WASHINGTON — A former California police chief who called for the execution of Donald Trump's political enemies after the 2020 election and spread conspiracy theories about Jan. 6 after having taken part in the Capitol attack was found guilty of four charges Thursday.
Alan Hostetter, who was arrested in June 2021, was found guilty of conspiracy to obstruct an official proceeding, obstruction of an official proceeding, entering or remaining on restricted grounds with a deadly or dangerous weapon, and disorderly or disruptive conduct on restricted grounds with a deadly or dangerous weapon.
Hostetter, U.S. District Judge Royce Lamberth found, possessed a hatchet when he joined the mob that broke police lines, saying he didn't believe Hostetter's claim that he didn't have the hatchet on Jan. 6, 2021, because it was stolen out of his truck.
"Mr. Hostetter has a right to believe whatever he likes about the 2020 presidential election and to voice those opinions," Lamberth said, according to notes prepared for his oral ruling that were filed on the court docket. "But the First Amendment does not give anyone a right to obstruct or impede Congress by making it impossible for them to do their jobs safely. And it certainly does not give anyone a right to enter a restricted area while carrying a dangerous weapon."
Hostetter "has not presented any evidence that could make out an entrapment defense on the theory that the January 6 riot was a staged event," Lamberth said.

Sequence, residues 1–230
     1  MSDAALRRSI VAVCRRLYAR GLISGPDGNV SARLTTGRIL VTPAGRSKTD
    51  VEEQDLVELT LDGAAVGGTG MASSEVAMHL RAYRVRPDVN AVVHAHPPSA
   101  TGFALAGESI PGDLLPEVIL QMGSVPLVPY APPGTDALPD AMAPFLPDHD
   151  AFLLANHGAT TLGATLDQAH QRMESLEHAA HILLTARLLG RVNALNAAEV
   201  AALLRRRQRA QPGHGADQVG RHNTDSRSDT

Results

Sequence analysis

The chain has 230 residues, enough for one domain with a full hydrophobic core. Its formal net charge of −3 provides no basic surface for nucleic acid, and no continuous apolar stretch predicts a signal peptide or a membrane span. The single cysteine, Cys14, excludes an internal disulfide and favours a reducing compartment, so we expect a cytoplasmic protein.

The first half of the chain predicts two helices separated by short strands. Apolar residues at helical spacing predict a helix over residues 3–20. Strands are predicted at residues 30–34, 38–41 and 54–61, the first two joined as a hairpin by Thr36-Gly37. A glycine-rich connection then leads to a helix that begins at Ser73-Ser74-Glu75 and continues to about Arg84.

Hostetter was a pro se defendant, meaning he represented himself with the assistance of standby counsel. Two other pro se defendants were also on trial this week in other courtrooms in the Washington federal courthouse: Brian Mock was found guilty on all 11 charges he faced, while "Jesus Christ Superstar" actor James Beek was acquitted on all charges.
Hostetter's bench trial, which unfolded over two weeks, featured testimony from Russell Taylor, one of his co-defendants. Other defendants asked to be severed from the case and tried separately after Hostetter filed a series of conspiracy theory-laced court filings that invoked John F. Kennedy's assassination to the Sept. 11 attacks to Tucker Carlson's departure from Fox News.
"My opinion is that the entire thing was staged," Hostetter said at the trial.
Taylor pleaded guilty in April and testified as part of a plea agreement with federal prosecutors. Hostetter questioned Taylor about whether he was surprised that the Capitol wasn't better secured; Taylor said he was.
Hostetter recorded a video after the 2020 election saying "traitors need to be executed" and repeatedly promoted Jan. 6 as a day when self-proclaimed "patriots" could make their last stand.
“Some people, at the highest levels, need to be made an example of: an execution or two or three,” Hostetter said in a video in November 2020. “Tyrants and traitors need to be executed as an example so nobody pulls this s--t again.”
More than 1,000 people have been charged in connection with the Jan. 6 attack, and hundreds more have been identified by online sleuths but haven’t been arrested. The total number of people who could be charged in connection with the attack surpasses 3,000, according to sources close to the investigation.